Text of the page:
Advice on involving people with experiential knowledge in suicide and self-harm research.

By Donna Littlewood on behalf of members from the PPI group – Mutual Support for Mental Health

The following responses were provided by members of ‘Mutual Support for Mental Health’ the lived experience advisory panel for the Centre for Mental Health and Safety at the University of Manchester.

What are the key things you would tell researchers who are new to involving people with experiential knowledge in their research?

  • Agree ground rules at first meeting then at each subsequent meeting check in on how the ground rules are working to help people to manage their involvement in the group –whether any ground rules need revising
  • Don’t assume people know what your academic research world is like! Try to give them an insight into your world
  • The thing that comes to mind is not all people speak jargon, so don’t blind them with science, Keep it simple. Also be aware of sensitivity – depending on what you are researching but be careful.
  • Be open & honest with people. Don’t use over medicalised language but bear in mind that most of us have become experts in our own care and support and about what is really available. We have developed friendships with people with similar illnesses and experiences to our own and will have known people who have died. Our illness means that at times we have to work very hard to stay alive whilst feeling we are alone in doing so. We enjoy life too, but fear is close.
  • Be flexible in engaging with different people’s changing needs – they may become ill or relapse during your engagement so be prepared to react helpfully
  • Be genuine about PPI. Be clear in what you want from PPI reps. Be clear about when and how you plan to engage with PPI reps. Be clear about your expectations of PPI reps. Outline the timelines involved and the volume and variety of work that PPI reps can potentially be involved with. Make sure you mention practical issues: refund of travel, payment for time, meet peoples accessibility needs, hard copies of paperwork in the post if needed.
  • Keep PPI Lay Reps informed of progress made. Including success or failure of grant applications submitted, as opposed to finding out from others/ from other avenues
  • Maintain regular contact
  • Ensure PPI Reps are involved at the dissemination stage, particularly in patient/ client facing events’

What can researchers do to make it easier for you to get involved with their research?

  • Inductions are always good when lay people enter a professional world – consider different people may have different levels of knowledge and access requirements – make adjustments if necessary
  • Include ongoing training when required for participation and development of the group – this is our CPD opportunity!
  • Thank people for and acknowledge their participation both as a group and as individuals –contributing such personal stuff can be difficult sometimes
  • Access training available via MIND who offer a plethora of person-centred opportunities.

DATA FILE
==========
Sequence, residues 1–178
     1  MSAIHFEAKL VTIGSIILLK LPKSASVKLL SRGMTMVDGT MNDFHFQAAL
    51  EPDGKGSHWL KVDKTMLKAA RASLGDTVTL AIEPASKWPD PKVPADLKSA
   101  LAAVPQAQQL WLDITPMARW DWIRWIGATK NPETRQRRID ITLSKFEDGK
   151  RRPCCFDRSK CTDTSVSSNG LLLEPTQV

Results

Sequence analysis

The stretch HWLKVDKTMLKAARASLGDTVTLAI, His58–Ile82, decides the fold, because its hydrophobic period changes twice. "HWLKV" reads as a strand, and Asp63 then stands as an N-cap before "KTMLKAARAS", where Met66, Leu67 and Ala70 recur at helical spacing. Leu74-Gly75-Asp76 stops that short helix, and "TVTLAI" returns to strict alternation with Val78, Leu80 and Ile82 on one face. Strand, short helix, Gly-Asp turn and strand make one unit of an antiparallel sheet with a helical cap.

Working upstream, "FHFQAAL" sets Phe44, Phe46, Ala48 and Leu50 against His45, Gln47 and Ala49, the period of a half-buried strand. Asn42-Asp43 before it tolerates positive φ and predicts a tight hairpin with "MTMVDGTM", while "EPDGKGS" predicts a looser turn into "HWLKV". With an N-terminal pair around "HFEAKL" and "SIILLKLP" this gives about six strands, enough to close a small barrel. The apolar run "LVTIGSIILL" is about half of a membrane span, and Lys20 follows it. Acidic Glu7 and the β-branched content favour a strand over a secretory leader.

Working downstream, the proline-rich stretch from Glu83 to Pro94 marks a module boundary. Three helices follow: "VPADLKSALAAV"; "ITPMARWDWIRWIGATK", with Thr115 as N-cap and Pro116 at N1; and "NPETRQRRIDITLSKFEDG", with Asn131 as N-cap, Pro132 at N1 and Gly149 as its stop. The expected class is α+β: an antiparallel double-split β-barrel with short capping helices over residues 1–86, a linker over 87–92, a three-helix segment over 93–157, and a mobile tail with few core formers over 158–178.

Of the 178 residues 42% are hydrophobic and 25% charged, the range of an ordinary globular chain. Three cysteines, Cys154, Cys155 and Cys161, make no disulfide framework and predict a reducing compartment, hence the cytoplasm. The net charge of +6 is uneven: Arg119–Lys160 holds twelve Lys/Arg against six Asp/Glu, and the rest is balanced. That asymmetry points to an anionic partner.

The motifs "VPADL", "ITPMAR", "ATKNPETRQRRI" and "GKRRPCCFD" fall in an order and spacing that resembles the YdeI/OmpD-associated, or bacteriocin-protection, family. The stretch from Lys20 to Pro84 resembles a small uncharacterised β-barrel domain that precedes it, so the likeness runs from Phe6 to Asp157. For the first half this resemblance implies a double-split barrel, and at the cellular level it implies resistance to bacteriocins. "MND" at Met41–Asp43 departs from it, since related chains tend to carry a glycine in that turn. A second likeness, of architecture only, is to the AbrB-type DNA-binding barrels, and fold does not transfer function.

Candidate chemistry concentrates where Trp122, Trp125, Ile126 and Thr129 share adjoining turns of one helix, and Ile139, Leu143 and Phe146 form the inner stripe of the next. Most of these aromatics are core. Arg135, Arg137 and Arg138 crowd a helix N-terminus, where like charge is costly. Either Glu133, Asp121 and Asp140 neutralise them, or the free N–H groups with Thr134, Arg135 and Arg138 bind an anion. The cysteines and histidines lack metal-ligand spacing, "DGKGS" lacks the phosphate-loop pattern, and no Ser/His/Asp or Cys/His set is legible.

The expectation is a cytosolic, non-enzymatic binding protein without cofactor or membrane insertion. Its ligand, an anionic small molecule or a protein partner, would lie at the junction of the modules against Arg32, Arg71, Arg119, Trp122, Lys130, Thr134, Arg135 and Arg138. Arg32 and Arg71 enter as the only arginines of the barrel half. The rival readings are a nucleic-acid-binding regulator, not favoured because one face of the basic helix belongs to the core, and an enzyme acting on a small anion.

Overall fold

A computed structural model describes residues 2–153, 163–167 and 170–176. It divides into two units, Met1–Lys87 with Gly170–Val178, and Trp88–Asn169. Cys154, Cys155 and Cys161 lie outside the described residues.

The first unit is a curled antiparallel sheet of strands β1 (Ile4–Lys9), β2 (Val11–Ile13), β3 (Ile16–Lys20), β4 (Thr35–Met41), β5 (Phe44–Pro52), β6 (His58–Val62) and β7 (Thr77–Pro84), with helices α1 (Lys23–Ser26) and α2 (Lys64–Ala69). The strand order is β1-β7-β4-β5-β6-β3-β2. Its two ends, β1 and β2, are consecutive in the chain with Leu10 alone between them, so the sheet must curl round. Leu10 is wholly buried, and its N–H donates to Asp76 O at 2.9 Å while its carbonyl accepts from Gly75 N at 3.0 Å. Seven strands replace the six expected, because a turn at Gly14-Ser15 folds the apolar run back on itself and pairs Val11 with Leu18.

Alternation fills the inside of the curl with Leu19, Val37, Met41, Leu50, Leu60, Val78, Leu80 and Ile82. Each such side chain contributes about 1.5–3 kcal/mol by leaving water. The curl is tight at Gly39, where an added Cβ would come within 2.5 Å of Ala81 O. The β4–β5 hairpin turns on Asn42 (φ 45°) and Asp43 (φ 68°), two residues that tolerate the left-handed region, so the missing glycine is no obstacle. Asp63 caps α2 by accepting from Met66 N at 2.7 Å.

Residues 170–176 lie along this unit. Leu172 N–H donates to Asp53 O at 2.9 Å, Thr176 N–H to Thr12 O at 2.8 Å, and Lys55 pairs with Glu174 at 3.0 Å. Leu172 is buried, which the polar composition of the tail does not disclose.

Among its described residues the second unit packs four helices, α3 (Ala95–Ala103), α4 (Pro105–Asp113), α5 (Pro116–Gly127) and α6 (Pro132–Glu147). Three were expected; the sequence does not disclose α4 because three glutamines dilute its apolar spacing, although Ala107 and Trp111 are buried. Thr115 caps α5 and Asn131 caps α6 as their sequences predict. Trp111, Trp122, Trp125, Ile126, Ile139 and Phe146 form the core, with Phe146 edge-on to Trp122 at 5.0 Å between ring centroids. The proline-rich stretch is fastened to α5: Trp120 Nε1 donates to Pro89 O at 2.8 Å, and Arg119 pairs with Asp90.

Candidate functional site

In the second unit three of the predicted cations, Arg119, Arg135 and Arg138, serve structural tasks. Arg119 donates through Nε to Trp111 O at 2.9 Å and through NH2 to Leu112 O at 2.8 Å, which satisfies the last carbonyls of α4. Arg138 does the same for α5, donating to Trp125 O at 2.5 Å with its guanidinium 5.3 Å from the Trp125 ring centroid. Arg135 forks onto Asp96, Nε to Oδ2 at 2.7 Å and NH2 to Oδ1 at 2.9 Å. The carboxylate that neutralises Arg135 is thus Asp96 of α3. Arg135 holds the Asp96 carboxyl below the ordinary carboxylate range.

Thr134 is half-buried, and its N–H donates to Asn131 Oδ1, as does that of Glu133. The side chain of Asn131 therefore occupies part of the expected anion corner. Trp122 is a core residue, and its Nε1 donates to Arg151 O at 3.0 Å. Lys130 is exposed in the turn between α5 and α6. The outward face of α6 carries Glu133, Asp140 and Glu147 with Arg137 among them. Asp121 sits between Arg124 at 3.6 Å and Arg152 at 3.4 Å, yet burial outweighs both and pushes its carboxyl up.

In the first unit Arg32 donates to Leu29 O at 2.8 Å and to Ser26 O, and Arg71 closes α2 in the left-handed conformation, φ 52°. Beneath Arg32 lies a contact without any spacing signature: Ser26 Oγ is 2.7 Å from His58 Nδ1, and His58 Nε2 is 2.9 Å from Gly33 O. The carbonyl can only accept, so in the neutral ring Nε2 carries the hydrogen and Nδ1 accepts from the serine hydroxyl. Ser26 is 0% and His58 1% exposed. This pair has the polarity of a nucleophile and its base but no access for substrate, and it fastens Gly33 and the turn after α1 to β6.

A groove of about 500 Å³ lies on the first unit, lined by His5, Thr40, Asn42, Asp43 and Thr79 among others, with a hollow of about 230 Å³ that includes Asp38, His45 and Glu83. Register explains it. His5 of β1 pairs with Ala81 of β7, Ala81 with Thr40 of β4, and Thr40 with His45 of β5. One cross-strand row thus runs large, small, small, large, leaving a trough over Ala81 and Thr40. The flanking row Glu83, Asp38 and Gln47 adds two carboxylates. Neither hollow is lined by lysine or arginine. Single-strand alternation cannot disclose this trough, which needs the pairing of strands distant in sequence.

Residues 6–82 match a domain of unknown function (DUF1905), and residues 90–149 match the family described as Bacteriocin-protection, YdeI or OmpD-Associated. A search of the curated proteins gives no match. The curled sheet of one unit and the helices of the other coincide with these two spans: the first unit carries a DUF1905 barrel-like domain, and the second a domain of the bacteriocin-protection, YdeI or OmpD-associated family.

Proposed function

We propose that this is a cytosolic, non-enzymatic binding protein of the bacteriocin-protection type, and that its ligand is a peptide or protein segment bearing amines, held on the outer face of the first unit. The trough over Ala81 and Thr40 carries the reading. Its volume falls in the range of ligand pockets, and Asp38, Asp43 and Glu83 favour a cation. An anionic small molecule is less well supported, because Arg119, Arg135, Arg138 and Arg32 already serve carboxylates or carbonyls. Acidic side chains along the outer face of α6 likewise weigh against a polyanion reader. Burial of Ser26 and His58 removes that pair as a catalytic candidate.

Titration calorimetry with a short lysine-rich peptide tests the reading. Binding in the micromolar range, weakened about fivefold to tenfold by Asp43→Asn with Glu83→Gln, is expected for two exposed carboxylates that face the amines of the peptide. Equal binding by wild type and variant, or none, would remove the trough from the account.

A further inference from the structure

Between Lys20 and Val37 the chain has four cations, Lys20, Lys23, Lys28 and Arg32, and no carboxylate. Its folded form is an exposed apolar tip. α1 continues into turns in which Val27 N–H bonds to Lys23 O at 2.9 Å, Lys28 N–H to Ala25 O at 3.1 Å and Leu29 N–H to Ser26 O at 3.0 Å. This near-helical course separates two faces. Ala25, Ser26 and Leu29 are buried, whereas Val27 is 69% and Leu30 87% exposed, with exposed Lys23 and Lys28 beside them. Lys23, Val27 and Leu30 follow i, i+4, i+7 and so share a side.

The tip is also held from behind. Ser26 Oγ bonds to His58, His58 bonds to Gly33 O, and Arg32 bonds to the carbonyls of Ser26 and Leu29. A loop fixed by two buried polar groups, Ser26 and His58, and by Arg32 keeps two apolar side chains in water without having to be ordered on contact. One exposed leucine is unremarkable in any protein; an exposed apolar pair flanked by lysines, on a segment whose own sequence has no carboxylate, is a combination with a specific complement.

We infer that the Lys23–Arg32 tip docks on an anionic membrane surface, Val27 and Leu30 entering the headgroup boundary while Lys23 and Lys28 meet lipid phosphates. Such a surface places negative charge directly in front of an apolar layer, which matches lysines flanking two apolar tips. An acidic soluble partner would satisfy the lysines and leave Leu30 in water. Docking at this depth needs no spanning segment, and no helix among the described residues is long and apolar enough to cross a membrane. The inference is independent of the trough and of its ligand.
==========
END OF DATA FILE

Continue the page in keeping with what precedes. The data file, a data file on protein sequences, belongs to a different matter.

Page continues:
• It is important that the research show empathy as it would put me off if I felt the attitude of the researcher was one that lacked empathy.
  • Background to the research, the problem/ issue it is trying to address. Research Methodology training. Training in interpretation of qualitative data.
  • Researchers should be enthusiastic and passionate about their subject matter, and show how there is genuine potential for involvement to benefit patient.
  • Be inclusive and welcoming, and timely in your communication.
  • Meetings to be held at a central, well-connected location.
  • Give sufficient time for feedback on documents
  • Don’t arrange meetings too early in the morning (difficult for patients/ carers to attend).
  • Plain English – avoid jargon, it’s off putting if you can’t understand what you’re being asked.
  • Being able to participate more by email or Skype would help due to my physical disability & pain needs.

If a researcher who you haven’t met before was setting up a new PPI group – how should they promote the group, so you would find out about it? What would make you feel comfortable and want to attend the first group meeting?

  • Approach local and national related charities –they may know individuals or existing groups
  • Use social media if appropriate –Facebook, twitter, Instagram
  • Articles in magazines, local news/ media
  • Advertise via local Health Trusts, GP Practices, Walk In Centres, Community Centres, Local Places of Worship (all faiths), Local Universities( Schools of Health/ Nursing/ Social Work).
  • Use plain language in the advert – i.e., an opportunity to contribute to research
  • E-mail people who have taking part or been involved in a previous project.
  • Be aware that first meetings can be difficult for people, do what you can to make this easier- meet at the entrance, send a photo of yourself so I know who I am to look out for.

Return to the original blog post – Lessons learnt on the quest for meaningful and effective patient and public involvement.

Photo DLDonna Littlewood (@donnalittlewood) has a PhD in psychology and is a Research Associate at the NIHR Greater Manchester Patient Safety Translational Research Centre, University of Manchester (

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